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Say Hello to Felix 

Dr. Felix Orangutango at work.Dr. Felix Orangutango, or simply Felix as he prefers to be known, is widely considered to be the world's foremost orangutan developmental psychologist. Educated at Oxford University, Felix now collaborates with Derek Lyons on child development research in the Yale University psychology department. 

Felix's principal research interest is how children learn socially, especially via imitation. In addition to being an authority on childhood cognitive development, Felix is also a highly sought after motivational speaker, Argentine tango instructor, and freelance stuntman. 

The Felix FAQ on this page provides answers to many of Felix's most commonly received questions.


The Felix FAQ


So, you're some kind of monkey, right?

I'm so glad that you asked. This is a very common misconception. Actually, I am a great ape -- an orangutan (Pongo Ponginae) to be specific. I know it's hard to keep all the various non-human primate species straight, but here is a good rule of thumb: Monkeys have tails, but apes don't. Just keep that in mind and the next time you introduce yourself to a primate you'll at least be in the right ballpark.


How did you get involved in child development research? Isn't that unusual for an orangutan?

Well, I don't like to make broad generalizations, but yes I would say that developmental psychology is probably an unusual profession for members of my species. My big break came when Derek Lyons and his research team did an open casting call at FAO Schwarz, looking for a non-human primate to play an important role in a new imitation study. I guess I just had the right look for the part, and the rest is history. Plus, I did of course study developmental psychology at Oxford, so that was a helpful qualification. Derek went to Oxford as well, so we really hit it off at my audition chatting about punting and such.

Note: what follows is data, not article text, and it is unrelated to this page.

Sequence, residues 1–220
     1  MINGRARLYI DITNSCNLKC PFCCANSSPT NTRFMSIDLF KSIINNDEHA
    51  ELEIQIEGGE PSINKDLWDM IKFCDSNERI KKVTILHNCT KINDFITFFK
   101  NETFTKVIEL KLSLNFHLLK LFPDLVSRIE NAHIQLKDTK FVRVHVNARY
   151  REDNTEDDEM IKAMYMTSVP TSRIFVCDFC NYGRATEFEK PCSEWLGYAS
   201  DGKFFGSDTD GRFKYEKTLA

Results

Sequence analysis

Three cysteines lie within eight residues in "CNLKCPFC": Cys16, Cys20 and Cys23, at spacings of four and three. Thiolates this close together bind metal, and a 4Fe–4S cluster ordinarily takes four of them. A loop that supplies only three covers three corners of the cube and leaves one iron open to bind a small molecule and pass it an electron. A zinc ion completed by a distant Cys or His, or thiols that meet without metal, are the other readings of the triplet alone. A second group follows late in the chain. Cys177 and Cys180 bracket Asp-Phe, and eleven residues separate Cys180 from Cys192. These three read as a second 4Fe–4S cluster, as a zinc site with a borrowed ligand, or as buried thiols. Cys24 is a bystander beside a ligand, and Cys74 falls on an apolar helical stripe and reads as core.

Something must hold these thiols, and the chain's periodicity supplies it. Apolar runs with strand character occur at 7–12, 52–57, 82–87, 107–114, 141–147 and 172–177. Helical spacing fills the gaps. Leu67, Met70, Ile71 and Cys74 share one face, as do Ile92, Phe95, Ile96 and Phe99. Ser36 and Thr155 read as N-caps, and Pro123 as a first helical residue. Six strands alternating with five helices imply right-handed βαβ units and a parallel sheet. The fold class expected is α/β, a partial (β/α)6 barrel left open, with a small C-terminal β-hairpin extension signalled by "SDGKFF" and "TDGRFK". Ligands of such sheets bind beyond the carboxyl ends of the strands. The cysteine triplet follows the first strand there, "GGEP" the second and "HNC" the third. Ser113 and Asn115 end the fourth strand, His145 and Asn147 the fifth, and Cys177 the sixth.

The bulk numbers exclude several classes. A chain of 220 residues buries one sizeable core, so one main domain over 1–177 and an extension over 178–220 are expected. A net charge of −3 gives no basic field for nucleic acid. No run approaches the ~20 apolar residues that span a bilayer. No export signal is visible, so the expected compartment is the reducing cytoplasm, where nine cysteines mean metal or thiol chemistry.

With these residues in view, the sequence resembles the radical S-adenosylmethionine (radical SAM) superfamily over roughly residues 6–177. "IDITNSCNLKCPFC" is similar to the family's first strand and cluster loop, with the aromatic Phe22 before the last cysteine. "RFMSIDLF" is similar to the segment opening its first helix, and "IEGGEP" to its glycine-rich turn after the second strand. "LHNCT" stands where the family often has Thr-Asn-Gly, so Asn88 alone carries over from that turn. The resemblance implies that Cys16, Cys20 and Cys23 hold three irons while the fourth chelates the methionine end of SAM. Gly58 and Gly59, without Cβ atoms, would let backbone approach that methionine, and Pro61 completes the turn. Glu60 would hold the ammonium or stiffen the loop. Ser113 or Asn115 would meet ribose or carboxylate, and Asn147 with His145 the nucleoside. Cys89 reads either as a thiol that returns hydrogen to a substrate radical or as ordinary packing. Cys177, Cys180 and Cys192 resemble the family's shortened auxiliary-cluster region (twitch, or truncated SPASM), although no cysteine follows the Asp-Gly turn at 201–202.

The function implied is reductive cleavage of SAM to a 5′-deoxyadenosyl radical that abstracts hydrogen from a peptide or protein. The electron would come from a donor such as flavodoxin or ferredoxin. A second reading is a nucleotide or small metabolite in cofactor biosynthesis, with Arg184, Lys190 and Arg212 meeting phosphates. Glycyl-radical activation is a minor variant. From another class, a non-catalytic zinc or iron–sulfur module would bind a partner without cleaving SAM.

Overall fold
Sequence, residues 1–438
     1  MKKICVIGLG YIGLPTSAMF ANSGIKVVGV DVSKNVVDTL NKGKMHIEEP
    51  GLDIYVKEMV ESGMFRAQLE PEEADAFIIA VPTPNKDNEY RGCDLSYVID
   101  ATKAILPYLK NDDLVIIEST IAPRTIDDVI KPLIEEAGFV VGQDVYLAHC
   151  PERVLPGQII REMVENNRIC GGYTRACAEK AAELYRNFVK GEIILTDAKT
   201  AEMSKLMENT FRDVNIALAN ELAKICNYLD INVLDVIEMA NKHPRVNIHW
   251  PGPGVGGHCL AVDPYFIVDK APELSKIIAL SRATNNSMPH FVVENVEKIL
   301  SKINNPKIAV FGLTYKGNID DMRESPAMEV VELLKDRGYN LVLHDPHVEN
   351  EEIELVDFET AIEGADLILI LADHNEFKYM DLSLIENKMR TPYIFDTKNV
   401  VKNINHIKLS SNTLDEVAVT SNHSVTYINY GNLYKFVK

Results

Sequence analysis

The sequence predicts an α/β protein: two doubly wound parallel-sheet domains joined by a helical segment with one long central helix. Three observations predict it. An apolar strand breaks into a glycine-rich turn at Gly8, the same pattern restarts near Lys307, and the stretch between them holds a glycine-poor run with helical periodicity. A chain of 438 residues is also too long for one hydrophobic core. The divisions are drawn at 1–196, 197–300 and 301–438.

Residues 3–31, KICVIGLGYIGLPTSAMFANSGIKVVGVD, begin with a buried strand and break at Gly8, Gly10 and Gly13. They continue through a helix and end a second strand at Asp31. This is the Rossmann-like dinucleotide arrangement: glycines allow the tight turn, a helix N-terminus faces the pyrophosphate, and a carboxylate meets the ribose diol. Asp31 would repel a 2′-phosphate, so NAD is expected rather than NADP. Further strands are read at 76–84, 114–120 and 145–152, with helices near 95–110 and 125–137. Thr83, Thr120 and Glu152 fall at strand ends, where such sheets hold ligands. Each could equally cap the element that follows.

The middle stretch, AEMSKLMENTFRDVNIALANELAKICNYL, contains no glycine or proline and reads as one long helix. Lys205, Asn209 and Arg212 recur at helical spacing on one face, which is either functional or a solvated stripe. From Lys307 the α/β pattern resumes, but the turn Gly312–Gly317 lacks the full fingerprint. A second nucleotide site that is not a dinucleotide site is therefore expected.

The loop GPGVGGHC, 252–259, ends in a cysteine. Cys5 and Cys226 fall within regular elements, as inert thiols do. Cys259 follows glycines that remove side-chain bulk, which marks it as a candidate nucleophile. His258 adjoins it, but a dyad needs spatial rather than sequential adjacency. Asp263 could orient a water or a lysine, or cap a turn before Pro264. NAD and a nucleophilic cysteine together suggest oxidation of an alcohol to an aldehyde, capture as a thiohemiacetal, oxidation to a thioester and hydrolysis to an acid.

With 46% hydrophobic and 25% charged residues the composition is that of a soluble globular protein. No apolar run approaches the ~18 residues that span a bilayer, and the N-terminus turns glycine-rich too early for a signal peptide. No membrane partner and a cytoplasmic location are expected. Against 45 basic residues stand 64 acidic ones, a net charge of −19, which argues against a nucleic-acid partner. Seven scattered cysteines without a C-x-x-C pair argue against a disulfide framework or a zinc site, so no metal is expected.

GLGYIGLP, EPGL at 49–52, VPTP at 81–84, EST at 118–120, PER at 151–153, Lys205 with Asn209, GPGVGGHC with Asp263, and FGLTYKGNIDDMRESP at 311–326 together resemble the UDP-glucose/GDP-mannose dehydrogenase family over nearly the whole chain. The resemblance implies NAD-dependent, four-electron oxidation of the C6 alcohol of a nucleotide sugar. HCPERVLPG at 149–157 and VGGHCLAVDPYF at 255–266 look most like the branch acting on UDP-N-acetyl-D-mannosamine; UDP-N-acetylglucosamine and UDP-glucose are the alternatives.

You have a degree from Oxford? I didn't know that they admitted orangutans.

Yes, that surprises many people. The English system is very different from our own though, and they take a very liberal minded view of non-human species.


What is your exact role in Derek's research?

Well, Derek is interested in a curious phenomenon called overimitation -- it's the tendency of young children to imitate adults' actions very precisely, even when some of those actions are clearly inefficient and unnecessary. Now, we all know that children love to imitate, but the surprising thing about overimitation is that it is so extreme.

Derek has found that children will overimitate actions that even chimpanzees can identify as unnecessary, and that they will continue to do so when there is considerable incentive to accomplish their goal as quickly as possible. If you haven't seen it already, you might check out the New York Times article that science journalist Carl Zimmer wrote about Derek's work -- it provides a really good overview. 

Anyhow, my job is to serve as one of those incentives that encourages children to accomplish a goal as quickly as possible. Basically I race with kids to see who can get a toy turtle out of a puzzle box the fastest. I can't divulge too much more about the specifics of the study that I'm involved in prior to its publication, but it's certainly an exciting line of work.


Are you affiliated with a research university?

I am a distinguished scientist in residence in the Yale University psychology department, where Derek is currently completing his PhD. My office is in Sheffield-Sterling-Strathcona Hall, room 207A.

Because of my demanding research schedule I do not hold regularly scheduled office hours, but I am available by appointment.


I'm jealous of your fur's amazing shine and bounce.  What's your secret?

Thanks for noticing. I use an organic lavender and mint conditioner every morning, and brush my fur for twenty five minutes before bed each night.